Poland, Lithuania and the opposition-in-exile are lobbying for tougher sanctions as the regime manoeuvres
Poland and Lithuania continue to lead discussion of new sanctions against Belarus; however, consensus is hampered by differing views regarding the Belarusian potash sector; the opposition in exile is also lobbying for tougher sanctions. Meanwhile, Poland and Ukraine are introducing unilateral restrictions as the regime steps up lobbying efforts via Hungary and the Vatican, promoting Belarus as a broker freeze the Russian-Ukrainian conflict.
Further talks were held in Brussels between the ambassadors of the EU member states regarding sanctions against Belarus, due to support for Russia in the war against Ukraine. No agreement has been reached, but negotiations should resume soon.
Poland demands new sanctions against the Minsk regime as cooperation between Minsk and Moscow to deploy tactical nuclear weapons in Belarus further destabilizes the regional security situation. The agreement signed on May 25th by the defence ministers of the Russia and Belarus clearly indicates a desire for further escalation. In addition, Poland is constantly subjected to hybrid attacks from the Lukashenka and Putin regimes, using migrants to destabilize the internal situation in the EU.
Warsaw also raised the issue of Belarus’ participation in the illegal deportation of children from Ukraine to Russia, emphasising the complicity of Belaruskali, the main potash producer. Warsaw calls for the speedy adoption of sanctions against Belarus, since the lack of synchronization of restrictions against Russia and Belarus is one of the biggest loopholes in the EU sanctions system.
Follow us on Twitter
Although the EU cannot reach a consensus on the inclusion of Belarus in the 11th package of sanctions, Poland imposed its own restrictions against several hundred representatives of the Lukashenka regime on May 29th, following the Belarusian Supreme Court upholding the conviction of Andrzej Poczobut. The list includes politicians, judges, prosecutors, and other persons responsible for political repression. Additionally, Warsaw may indefinitely suspend freight traffic for trucks, tractors, trailers, including semi-trailers and road trains registered on the territory of Belarus or Russia.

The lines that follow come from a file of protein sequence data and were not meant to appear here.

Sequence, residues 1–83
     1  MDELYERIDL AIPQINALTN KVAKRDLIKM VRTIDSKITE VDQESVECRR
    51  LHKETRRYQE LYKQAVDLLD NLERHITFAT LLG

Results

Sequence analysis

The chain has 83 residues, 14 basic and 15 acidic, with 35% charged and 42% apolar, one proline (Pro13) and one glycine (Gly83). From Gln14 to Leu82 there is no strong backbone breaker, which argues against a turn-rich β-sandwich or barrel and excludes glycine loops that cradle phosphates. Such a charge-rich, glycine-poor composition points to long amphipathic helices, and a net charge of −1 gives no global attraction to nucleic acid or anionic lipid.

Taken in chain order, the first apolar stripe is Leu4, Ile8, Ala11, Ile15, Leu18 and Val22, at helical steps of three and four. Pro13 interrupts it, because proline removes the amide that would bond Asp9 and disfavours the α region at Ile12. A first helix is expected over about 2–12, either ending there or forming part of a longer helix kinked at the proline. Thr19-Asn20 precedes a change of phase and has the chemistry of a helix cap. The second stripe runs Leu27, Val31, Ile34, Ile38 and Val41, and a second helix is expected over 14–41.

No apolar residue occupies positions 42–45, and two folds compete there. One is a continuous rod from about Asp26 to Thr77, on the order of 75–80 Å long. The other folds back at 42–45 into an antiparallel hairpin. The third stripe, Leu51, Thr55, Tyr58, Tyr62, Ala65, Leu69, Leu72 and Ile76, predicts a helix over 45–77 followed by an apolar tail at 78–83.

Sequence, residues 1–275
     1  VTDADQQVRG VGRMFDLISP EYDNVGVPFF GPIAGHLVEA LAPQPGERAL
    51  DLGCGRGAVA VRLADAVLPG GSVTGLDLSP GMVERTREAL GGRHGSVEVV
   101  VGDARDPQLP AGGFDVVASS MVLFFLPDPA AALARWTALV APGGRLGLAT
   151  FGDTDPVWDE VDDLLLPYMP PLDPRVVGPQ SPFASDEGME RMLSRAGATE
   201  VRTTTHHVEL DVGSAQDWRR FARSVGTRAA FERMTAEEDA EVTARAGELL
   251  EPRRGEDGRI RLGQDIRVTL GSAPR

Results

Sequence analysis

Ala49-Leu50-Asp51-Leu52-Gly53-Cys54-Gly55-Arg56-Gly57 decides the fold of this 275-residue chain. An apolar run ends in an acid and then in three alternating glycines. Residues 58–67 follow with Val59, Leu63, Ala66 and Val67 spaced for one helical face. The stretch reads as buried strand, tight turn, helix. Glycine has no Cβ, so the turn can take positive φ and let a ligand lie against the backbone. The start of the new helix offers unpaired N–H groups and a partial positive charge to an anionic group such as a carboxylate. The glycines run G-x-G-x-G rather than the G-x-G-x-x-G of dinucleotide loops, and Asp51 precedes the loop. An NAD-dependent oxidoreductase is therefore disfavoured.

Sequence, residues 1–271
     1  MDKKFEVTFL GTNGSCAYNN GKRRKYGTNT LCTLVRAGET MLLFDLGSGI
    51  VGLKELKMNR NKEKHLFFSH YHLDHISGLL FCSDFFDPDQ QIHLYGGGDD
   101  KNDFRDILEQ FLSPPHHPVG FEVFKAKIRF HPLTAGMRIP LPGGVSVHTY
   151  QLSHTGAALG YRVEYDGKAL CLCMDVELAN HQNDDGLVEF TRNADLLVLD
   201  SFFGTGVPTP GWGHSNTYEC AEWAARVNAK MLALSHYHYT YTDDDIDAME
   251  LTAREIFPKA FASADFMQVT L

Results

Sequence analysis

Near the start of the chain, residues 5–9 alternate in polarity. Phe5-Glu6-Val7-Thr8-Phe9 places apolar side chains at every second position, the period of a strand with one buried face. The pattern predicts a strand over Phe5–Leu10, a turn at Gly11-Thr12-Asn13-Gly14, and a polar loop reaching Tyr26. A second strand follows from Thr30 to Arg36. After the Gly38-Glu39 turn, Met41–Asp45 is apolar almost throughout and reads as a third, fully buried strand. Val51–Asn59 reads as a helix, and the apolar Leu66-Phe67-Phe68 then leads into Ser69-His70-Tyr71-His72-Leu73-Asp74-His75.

Lithuania also continues to insist on a new package of EU sanctions against Belarus. Proposals for new restrictions mainly concern eliminating opportunities to circumvent sanctions against Russia. However, the desire of several EU member countries to lift some of the sanctions against Belaruskali and the Belarusian Potash Company remains a stumbling block.
A similar proposal to tighten EU sanctions against the Lukashenka regime was made by Belarusian democratic leader Sviatlana Tsikhanouskaya. She also proposed that ministers consider closing the Belarusian border for all but passenger traffic and called for the release of political prisoners and an investigation into the crimes of the Belarusian authorities. At the 15th Kyiv Security Forum, Tsikhanouskaya stressed the need to put pressure on the regime and bring it to justice, and supported the peace formula proposed by Volodymyr Zelensky, demanding the restoration of Ukrainian territorial integrity and the withdrawal of Russian troops, and calling for an end to tyranny.
Meanwhile, Ukraine imposed sanctions against 51 individuals and 220 legal entities associated with Russia, the list includes 19 Belarusian companies in the military-industrial sector, the engineering sector and microelectronics. The Prosecutor General’s Office of Ukraine has also begun to investigate the role of Belarus in the deportation of Ukrainian children.
The NATO Parliamentary Assembly called for the Belarusian regime to be held accountable for aggression, war crimes and crimes against humanity, as well as for possible acts of genocide committed in Ukraine.
Subscribe to our weekly newsletter
In response, Minsk is stepping up lobbying efforts through the Vatican and Hungary to deflect further sanctions. Once again, the Belarusian regime declares its readiness to provide a platform for negotiations to resolve the Russian-Ukrainian conflict. However, the government also claims that the loss of Western and Ukrainian markets in 2022 was 80% compensated by supplies to “friendly countries”, and fully offset in the first quarter of 2023.
Subscribe to our newsletter
Situation in Belarus